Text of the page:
You should hear this hilarious Taylor Swift cover. Why? Because science *also* has 'Style.'
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Nerds are the best.

I wouldn't be typing on this sweet laptop without them. I wouldn't be able to see the screen either because no one would have invented the monitor. Or my glasses. Or the Internet. Therefore...



Science has style. And it's always had it.

Knowledge enables people to do it all, and science is a big part of that.

Some think being smart is the opposite of cool, but in reality it is the coolest thing you can be.

Scientifically stylish duo ASAP Science even made a song about it ... they list a bunch of cool science facts to prove that science has style.

I'd like to assist them by elaborating on those facts to show you just how cool they actually are.

Here are five science tidbits hidden in ASAP Science's "Style":

1. "Sunlight takes 8 minutes just to reach your eyes."

How do we know that? The idea that light even has a speed had never crossed most minds before Danish smart person Ole Rømer decided to prove it. The astronomer (and former tutor of Louis XIV's children) discovered the speed of light is always the same by measuring the eclipses of one of Jupiter's moons, Io.

Jupiter's moon, Io.

But it was only after astronomers dutifully took measurements for two centurieswowza, that's dedication — that astronomer Jean Baptiste Joseph Delambre calculated the speed of light to reach the planet was 8 minutes and 12 seconds.

These days, we've landed at a more accurate at 8 minutes and 19 seconds, which means light travels at about 670,616,629 mph.

2. "You love those iPhone apps that help you flirt."

Flirtation: That spark may ignite the flames of love.

Did you know the way we act in relationships as adults can be traced to our very first relationship out of the womb?

Science explains how the touch and care you receive as an impressionable child affects how you react to affection in general, especially when finding a mate.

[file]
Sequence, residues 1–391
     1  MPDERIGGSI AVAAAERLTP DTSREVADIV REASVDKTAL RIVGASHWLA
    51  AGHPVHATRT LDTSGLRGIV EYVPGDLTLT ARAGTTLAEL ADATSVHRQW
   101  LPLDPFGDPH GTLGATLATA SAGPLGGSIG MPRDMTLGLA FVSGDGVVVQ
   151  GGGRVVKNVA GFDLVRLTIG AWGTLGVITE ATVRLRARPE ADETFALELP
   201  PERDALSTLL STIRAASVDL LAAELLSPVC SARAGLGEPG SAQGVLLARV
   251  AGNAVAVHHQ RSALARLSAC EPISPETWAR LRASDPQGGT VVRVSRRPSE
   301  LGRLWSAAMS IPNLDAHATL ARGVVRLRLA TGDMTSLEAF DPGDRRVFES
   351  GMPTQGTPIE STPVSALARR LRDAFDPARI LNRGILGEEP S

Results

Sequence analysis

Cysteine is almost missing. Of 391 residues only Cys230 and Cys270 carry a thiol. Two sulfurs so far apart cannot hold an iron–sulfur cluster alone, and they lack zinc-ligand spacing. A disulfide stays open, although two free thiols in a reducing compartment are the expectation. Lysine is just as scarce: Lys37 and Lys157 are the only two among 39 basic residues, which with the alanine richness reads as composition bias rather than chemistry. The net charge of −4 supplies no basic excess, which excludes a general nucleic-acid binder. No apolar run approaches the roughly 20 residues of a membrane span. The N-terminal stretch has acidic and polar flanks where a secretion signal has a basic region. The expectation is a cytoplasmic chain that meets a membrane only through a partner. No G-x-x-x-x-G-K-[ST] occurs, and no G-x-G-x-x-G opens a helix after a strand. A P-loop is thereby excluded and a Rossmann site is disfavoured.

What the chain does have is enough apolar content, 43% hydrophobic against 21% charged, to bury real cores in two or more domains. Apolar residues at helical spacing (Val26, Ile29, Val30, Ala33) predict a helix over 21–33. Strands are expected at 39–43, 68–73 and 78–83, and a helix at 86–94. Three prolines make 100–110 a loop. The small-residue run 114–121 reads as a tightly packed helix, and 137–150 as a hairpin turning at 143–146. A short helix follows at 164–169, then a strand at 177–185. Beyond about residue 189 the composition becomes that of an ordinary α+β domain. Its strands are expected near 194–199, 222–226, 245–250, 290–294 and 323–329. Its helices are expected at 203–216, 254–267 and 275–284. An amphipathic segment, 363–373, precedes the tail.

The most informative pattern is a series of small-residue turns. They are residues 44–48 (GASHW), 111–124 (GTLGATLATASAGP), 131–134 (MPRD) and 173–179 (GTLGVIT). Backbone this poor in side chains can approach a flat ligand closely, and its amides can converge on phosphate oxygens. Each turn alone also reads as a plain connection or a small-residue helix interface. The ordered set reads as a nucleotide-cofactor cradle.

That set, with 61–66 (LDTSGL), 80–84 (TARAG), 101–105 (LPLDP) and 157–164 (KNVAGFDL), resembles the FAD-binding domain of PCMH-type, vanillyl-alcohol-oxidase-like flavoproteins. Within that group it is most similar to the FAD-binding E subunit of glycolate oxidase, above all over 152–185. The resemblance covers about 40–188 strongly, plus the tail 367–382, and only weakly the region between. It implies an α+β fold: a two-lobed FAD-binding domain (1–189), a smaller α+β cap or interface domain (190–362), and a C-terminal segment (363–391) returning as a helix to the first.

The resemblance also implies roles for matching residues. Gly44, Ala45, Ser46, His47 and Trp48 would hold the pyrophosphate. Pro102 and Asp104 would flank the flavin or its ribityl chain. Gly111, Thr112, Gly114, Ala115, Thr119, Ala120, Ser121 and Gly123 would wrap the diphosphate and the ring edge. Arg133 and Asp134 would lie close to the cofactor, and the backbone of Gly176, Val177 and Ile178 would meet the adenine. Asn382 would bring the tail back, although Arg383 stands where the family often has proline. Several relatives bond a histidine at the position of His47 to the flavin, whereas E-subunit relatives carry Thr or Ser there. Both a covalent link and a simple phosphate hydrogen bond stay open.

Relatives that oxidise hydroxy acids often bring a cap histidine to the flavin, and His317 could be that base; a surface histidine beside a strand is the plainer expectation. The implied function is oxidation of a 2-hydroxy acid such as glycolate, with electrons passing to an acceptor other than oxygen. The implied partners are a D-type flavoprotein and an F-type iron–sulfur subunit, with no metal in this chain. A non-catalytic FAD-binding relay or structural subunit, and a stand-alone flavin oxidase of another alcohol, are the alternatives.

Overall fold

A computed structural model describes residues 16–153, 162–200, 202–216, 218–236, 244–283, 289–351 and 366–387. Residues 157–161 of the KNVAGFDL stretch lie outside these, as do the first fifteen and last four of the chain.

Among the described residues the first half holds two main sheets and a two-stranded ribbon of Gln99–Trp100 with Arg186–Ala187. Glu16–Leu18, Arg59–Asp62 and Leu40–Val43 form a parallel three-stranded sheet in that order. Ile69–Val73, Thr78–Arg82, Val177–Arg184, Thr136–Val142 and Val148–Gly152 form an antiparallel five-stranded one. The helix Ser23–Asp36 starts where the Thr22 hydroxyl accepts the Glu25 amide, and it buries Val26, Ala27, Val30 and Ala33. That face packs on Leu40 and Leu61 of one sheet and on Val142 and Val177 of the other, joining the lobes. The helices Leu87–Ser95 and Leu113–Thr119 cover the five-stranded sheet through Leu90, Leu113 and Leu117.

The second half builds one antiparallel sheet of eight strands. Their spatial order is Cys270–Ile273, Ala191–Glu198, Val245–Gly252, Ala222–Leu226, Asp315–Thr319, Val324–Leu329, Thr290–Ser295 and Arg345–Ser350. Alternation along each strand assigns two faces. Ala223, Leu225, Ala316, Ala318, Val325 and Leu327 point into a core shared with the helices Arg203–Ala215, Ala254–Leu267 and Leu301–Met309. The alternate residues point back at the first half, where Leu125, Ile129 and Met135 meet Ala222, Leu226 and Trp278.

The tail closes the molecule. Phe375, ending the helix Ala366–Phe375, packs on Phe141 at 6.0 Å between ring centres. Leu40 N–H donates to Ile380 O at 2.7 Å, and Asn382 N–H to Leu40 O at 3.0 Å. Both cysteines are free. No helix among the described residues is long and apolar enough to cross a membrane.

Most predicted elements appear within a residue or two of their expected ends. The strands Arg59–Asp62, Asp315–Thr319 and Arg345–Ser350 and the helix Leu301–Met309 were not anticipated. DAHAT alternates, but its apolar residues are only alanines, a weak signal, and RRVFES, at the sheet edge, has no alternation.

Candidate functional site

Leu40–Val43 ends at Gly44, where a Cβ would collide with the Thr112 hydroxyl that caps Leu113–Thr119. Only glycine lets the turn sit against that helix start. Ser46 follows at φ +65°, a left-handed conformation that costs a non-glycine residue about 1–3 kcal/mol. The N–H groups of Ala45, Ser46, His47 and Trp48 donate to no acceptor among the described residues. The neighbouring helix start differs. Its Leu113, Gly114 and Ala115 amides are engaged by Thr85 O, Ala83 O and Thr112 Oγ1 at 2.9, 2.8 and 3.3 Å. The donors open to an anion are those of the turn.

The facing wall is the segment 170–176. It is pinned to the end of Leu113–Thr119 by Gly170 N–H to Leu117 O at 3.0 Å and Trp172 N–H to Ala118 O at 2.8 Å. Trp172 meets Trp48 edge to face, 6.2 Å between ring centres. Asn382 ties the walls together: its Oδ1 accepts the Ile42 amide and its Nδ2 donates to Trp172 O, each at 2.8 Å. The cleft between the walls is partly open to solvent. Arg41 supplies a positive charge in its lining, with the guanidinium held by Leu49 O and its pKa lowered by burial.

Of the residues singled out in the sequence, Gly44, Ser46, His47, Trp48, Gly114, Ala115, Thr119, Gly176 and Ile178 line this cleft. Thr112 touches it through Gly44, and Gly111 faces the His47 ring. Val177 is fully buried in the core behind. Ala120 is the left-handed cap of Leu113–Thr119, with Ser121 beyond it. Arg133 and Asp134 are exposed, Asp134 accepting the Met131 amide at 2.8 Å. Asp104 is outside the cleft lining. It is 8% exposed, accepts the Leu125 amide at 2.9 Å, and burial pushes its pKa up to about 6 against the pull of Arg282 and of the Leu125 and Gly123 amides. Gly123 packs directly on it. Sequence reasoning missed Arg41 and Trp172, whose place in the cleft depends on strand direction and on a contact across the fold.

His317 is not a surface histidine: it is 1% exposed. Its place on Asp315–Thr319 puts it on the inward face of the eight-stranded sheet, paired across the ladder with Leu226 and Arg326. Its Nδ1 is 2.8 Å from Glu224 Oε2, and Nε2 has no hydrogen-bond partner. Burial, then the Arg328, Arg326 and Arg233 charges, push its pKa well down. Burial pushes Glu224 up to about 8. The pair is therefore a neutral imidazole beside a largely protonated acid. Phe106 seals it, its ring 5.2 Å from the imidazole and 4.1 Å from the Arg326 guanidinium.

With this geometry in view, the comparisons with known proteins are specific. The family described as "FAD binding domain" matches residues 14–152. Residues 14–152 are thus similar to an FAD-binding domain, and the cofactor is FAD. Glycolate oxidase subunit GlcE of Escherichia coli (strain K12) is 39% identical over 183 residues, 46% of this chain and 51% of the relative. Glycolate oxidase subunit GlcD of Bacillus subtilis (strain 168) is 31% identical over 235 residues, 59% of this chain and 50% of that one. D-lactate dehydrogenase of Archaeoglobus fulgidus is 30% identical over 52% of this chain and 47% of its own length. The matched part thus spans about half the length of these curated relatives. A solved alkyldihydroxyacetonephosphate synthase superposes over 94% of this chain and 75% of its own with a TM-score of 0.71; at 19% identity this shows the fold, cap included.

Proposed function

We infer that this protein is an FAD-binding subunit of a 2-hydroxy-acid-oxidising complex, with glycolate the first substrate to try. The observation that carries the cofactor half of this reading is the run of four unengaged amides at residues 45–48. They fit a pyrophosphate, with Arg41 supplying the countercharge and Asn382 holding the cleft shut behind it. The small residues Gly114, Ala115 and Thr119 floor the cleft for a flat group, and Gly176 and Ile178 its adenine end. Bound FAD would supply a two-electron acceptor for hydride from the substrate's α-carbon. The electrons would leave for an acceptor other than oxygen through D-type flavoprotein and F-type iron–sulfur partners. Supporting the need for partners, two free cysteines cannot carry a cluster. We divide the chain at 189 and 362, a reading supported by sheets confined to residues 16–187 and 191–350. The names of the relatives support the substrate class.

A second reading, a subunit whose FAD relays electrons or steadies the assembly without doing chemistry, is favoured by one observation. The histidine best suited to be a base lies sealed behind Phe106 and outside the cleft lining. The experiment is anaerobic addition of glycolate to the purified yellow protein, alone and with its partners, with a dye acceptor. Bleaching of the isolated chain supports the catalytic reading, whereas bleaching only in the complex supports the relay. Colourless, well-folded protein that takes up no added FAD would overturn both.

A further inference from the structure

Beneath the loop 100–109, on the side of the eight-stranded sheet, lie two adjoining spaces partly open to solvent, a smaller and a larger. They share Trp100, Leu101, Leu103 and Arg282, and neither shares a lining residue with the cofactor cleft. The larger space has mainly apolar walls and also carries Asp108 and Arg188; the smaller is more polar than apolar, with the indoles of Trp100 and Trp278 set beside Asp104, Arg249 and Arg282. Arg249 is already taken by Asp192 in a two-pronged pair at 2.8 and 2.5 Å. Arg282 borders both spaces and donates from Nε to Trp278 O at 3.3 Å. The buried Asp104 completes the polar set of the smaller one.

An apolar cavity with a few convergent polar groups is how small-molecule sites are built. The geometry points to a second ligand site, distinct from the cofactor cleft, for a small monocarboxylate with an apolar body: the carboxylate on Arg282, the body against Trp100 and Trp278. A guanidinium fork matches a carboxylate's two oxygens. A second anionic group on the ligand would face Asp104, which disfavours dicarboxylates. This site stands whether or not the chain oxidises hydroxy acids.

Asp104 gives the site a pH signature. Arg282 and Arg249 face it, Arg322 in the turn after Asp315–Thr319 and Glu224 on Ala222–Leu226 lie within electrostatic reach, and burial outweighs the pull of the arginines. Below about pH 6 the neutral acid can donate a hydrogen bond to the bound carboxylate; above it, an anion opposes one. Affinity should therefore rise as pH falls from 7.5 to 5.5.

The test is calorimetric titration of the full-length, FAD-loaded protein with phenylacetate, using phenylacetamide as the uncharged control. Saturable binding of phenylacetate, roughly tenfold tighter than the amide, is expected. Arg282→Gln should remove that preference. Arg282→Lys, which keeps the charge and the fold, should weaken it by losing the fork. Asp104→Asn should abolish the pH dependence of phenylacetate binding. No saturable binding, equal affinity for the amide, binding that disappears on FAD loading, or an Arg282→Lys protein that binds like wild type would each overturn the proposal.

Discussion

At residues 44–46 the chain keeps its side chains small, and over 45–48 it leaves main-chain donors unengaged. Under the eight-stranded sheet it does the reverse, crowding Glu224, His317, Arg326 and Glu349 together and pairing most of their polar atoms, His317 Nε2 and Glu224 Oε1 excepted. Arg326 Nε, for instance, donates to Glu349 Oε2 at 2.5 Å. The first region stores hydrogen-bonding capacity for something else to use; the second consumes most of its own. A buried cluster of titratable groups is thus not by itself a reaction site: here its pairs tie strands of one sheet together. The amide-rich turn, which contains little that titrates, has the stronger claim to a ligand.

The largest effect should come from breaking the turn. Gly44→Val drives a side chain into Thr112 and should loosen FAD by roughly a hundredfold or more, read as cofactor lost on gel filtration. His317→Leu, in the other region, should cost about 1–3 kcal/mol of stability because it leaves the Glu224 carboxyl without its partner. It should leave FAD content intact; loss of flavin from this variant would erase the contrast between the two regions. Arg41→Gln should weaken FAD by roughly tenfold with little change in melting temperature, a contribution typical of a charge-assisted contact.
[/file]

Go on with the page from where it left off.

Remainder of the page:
Psychologist Harry F. Harlow is remembered for the monkey-love experiments he did on mother and child rhesus monkeys.

In the 1930s, Harlow deduced that the warmth and closeness of an emotional touch is necessary for one to develop empathy and affection toward others.

How'd he prove that? By conducting mother-switching experiments with primates. When they gave monkeys less real-mom time and more fake-mom time — fake-mom was made of wire mesh, which sounds terrifying — they were more aggressive, insular, and unkind when they grew up. And they weren't nearly as affectionate or close with others, as monkeys usually are.

This GIF? Science in motion.

This is how we know that if you're a cuddle monster, then a parent figure of yours probably was too. And that affection with another living thing is one of the keys to a smoother life.

3. "Evolution made your brain, heart, spinal cord, and also your eyes."

Eyes started out as photoreceptor cells in microscopic worms.

This microscopic worm, a planarian, has two light-sensing dots on its head.

If you're wondering how you got eyes, well, the answer is that basically we used to be worms.

Here's some more mind-boggling information for you: Your eyes have evolved 50-100 times from when they were dots in a worm like the one above.

The Pikaia gracilens was a primitive worm that had a notochord (a primitive backbone), a nervous system (like we do), and muscles. Because of its backbone, scientists can tell that we evolved from it.

This news might be alarming to your ick-factor, but 500 million years later ... just look at us! We didn't turn out half bad.

4. "Medicine made vaccines, technologies that keep you alive."

Did you know the chemical that treats malaria just happened to be discovered by someone who was dying of malaria at the time?

As the story goes, a South American Indian, while wandering disoriented in the middle of nowhere with the mosquito-borne illness, just happened to drink from pool of water that he collapsed in and it just happened to have cinchona growing in it.

Cinchona plants just happen to have quinine in them, which cured him — and, now that we know, countless others. All the things that strive to keep us from coughing, fainting, and dying are thanks to science, even when they happen through luck.

5. "Every time that you eat, read, text, or take a selfie and smile."

The greatness of science these two guys are crooning about is true — just think about how much science we live: